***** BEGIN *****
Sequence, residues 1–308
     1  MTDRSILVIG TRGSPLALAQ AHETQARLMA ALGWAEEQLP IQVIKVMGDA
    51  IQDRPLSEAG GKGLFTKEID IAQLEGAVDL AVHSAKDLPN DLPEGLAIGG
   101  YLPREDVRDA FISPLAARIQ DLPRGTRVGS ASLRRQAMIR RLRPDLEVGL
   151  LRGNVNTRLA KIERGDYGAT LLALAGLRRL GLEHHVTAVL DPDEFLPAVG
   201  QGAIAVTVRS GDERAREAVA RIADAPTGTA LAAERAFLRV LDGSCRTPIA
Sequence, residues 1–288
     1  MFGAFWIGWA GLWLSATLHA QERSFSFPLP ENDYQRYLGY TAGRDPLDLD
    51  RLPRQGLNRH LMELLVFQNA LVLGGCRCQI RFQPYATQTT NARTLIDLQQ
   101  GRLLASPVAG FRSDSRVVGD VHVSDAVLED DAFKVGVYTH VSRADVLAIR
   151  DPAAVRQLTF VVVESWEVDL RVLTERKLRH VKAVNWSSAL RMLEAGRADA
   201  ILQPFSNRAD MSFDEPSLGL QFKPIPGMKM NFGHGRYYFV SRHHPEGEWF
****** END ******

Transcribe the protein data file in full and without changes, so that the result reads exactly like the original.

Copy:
Sequence, residues 1–308
     1  MTDRSILVIG TRGSPLALAQ AHETQARLMA ALGWAEEQLP IQVIKVMGDA
    51  IQDRPLSEAG GKGLFTKEID IAQLEGAVDL AVHSAKDLPN DLPEGLAIGG
   101  YLPREDVRDA FISPLAARIQ DLPRGTRVGS ASLRRQAMIR RLRPDLEVGL
   151  LRGNVNTRLA KIERGDYGAT LLALAGLRRL GLEHHVTAVL DPDEFLPAVG
   201  QGAIAVTVRS GDERAREAVA RIADAPTGTA LAAERAFLRV LDGSCRTPIA
Sequence, residues 1–288
     1  MFGAFWIGWA GLWLSATLHA QERSFSFPLP ENDYQRYLGY TAGRDPLDLD
    51  RLPRQGLNRH LMELLVFQNA LVLGGCRCQI RFQPYATQTT NARTLIDLQQ
   101  GRLLASPVAG FRSDSRVVGD VHVSDAVLED DAFKVGVYTH VSRADVLAIR
   151  DPAAVRQLTF VVVESWEVDL RVLTERKLRH VKAVNWSSAL RMLEAGRADA
   201  ILQPFSNRAD MSFDEPSLGL QFKPIPGMKM NFGHGRYYFV SRHHPEGEWF